Raising a puppy can be both overwhelming for the under-prepared and fly by so fast for the savvy dog owner. It’s passing, in many ways, is bittersweet. Each individual is unique and comes with their own specific needs. If you have a puppy or are thinking about getting one here are 6 things that will help you and your puppy build a low-stress relationship!
- Do your homework! Success takes preparation and dogs need things. Everything from the food you feed, to the veterinarian you utilize, to the the place your dog hangs out when you’re away is important. While there’s never a one-size-fits-all, educating yourself about the various challenges and approaches to raising a puppy will help determine the best course of action at each step along the way. Read Dr. Ian Dunbar’s free e-book BEFORE You Get Your Puppy.
- Puppies are predictable! Behavior progresses along a continuum. As your puppy ages through the various stages of life certain behavior patterns are to be expected. Puppies mouth, they jump, they chew on things, and they have poor bladder control (at first). Because these things are predictable, the environment can be arranged allowing behaviors to be channeled into appropriate arenas before or as they occur. Read Dr. Ian Dunbar’s free e-book AFTER You Get Your Puppy.
- Every experience matters! Peak period of socialization for puppies is 8-12 week so act fast, the day you bring your puppy home. Make every new experience a good one by using treats or play to help your puppy make a positive association. Allow people of all ages, sizes, shapes, and colors handle your dog gently while you feed him treats. Protect and remove your puppy from situations with overzealous handling or aggressive participants. If he seems shy or gets scared let him retreat to safety then encourage him to approach again at his own pace. It’s not the quantity of people, it’s the variety and quality of interactions that matter most. Use this handy Socialization Scavenger Hunt and sign up for a Puppy Social to help make short work of socializing your puppy!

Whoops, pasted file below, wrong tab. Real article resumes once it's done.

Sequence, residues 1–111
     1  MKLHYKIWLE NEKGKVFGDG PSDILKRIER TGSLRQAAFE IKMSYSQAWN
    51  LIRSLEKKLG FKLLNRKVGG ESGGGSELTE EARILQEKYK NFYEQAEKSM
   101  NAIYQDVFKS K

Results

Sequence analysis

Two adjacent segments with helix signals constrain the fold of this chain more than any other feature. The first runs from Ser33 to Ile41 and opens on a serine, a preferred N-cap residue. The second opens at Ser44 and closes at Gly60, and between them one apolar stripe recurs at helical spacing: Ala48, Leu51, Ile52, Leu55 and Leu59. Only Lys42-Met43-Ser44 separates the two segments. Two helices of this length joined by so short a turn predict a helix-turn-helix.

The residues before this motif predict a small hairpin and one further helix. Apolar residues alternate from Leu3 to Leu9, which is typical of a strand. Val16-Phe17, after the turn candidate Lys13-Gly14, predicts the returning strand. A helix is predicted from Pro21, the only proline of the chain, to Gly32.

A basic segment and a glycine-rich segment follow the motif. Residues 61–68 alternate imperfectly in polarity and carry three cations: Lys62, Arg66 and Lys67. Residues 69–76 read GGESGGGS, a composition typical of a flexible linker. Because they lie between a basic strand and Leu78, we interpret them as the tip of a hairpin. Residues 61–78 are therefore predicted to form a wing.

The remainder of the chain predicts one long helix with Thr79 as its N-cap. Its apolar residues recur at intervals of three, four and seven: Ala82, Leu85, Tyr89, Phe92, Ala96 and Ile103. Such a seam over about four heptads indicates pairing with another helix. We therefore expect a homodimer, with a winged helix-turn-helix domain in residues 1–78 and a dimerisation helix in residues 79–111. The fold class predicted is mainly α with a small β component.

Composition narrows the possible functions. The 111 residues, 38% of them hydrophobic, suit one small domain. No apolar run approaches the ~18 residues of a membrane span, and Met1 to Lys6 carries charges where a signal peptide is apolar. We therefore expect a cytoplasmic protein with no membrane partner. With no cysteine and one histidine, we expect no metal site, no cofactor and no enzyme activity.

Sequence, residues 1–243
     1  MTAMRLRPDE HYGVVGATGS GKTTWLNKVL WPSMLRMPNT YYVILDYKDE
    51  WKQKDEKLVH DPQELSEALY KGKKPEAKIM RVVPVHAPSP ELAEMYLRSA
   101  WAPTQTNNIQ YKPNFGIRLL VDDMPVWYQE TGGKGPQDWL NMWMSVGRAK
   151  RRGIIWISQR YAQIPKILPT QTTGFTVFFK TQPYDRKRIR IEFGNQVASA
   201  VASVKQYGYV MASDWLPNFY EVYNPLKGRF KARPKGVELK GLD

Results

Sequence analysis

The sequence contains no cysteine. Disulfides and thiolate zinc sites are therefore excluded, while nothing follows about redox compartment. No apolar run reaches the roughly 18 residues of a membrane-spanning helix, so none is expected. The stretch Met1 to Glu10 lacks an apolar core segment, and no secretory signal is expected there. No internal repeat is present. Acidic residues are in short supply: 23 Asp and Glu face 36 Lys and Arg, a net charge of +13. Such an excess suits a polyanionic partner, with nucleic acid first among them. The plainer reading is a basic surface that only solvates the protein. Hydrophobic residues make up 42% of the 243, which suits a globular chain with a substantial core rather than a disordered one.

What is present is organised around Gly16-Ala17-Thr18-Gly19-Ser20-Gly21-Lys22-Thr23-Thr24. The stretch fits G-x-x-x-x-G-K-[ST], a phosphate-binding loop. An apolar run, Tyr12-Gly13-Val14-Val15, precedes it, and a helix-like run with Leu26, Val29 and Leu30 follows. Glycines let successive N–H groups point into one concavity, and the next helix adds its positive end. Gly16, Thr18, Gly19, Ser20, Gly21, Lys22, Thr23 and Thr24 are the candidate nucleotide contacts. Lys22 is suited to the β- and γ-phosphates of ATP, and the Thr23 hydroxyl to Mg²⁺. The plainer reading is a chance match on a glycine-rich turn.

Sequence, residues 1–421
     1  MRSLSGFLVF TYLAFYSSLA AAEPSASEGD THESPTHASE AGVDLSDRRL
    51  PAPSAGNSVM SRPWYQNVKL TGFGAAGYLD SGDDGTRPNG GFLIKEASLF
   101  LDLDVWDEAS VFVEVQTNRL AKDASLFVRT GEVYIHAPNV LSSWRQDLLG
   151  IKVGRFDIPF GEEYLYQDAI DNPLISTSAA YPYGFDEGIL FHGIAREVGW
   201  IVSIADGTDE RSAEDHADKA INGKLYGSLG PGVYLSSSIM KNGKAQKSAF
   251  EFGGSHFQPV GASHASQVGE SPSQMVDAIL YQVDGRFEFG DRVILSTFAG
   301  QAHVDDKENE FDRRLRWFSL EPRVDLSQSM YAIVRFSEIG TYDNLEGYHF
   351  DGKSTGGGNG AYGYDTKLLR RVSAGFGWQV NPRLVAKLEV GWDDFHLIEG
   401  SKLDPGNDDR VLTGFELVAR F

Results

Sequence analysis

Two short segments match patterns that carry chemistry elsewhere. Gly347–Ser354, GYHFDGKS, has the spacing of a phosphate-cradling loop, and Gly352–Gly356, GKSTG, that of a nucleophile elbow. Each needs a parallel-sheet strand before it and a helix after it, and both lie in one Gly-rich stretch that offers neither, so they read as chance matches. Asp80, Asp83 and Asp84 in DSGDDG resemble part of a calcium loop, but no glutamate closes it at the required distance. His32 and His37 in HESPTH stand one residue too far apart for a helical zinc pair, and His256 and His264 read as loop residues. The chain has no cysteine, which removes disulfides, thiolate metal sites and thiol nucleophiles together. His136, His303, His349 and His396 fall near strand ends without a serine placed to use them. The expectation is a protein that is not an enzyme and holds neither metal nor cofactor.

- House training can make or break the relationship. While a crate training may not be 100% necessary or appropriate for all dogs, preventing your puppy from going potty out of sight is a must. When not crated, keep her on leash, with you, or confined to a well supervised area. Set a time timer to ring every 15-30 minutes to remind you to take your puppy out regularly. Keep potty breaks short and no more than 3-5 minutes. SEE her go potty in the RIGHT spot and then tell her how awesome she is right away!
- Use the right tools, the right way. Remember, every experience matters. A comfortable leather leash and a martingale style collar are best for most dogs. Some may be more comfortable in a harness. Choose a harness that allows the leash to connect in front of the dog’s chest. A gentle leader can provide additional control for puppies and dogs that like to pull.
- Let it go! They didn’t mean it and they don’t know why you’re angry, especially if it happened while you weren’t around. Puppies are frustratingly messy, rude, obnoxious, cheeky, sassy, and saucy. Puppies are also adorably playful, curious, and oh so itty bitty! Focus on the good stuff and you’ll get more of it. It’s okay to use the crate if you need a time out. Remember: This, too, shall pass!